June 8, 2015
Commercial drones, then, could be a fundamental technology driving innovation and growth in coming years. As the world’s traditional leader in aviation technology (and, for better or worse, the world’s foremost military drone pioneer), the U.S. ought to command this industry.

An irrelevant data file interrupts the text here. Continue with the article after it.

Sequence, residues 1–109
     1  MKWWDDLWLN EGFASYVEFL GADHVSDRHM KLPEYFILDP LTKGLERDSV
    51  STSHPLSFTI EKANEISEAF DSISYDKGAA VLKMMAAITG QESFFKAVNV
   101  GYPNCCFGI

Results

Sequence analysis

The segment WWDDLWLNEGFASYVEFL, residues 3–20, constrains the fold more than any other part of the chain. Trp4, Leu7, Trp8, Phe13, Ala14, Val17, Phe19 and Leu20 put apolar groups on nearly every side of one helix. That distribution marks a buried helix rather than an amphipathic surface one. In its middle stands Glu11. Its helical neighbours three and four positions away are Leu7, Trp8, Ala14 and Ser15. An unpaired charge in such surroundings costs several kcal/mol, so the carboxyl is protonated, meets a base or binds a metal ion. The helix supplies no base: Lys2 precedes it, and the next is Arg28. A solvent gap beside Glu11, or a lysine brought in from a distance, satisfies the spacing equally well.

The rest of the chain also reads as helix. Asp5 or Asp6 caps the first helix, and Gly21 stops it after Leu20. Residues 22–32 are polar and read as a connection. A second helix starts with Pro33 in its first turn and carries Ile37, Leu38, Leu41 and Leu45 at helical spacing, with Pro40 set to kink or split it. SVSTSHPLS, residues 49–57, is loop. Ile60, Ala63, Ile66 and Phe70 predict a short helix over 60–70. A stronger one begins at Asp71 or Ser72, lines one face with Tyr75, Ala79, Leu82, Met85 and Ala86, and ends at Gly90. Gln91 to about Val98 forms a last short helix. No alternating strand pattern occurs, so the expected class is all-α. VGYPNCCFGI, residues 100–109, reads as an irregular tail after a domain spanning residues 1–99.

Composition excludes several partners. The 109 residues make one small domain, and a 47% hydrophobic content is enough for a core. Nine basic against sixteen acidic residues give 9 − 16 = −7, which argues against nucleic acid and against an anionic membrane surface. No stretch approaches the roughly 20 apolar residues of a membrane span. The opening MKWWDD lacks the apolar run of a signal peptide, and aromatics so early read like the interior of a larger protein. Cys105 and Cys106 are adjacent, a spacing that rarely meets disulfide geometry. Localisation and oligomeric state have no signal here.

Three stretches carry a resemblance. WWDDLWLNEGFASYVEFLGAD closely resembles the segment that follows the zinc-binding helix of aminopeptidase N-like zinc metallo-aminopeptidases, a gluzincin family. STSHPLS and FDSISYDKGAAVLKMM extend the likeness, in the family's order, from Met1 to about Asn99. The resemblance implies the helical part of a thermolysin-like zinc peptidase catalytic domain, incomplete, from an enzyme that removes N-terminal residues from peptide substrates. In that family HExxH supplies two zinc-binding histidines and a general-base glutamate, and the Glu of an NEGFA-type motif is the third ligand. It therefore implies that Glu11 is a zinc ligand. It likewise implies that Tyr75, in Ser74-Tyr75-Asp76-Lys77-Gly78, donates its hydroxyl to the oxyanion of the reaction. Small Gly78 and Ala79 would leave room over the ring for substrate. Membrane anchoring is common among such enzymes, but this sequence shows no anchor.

There’s only one hitch: companies like Airware can’t sell many of their products in the U.S. That’s because the Federal Aviation Administration (FAA) has been slow to write the regulations drone makers need to test and operate in U.S. airspace. This past February, after years of missed deadlines, the FAA finally published a draft version of regulations for small drones—a notice of proposed rulemaking (NPRM), in Washington argot. The finished version of the rule probably won’t be ready until late 2016 or early 2017, according to the Government Accountability Office. Meanwhile, countries such as the UK, France, Switzerland, Australia, New Zealand, and Japan have had rules for testing and using drones on the books for several years—rules significantly less restrictive than those in the FAA’s recent NPRM.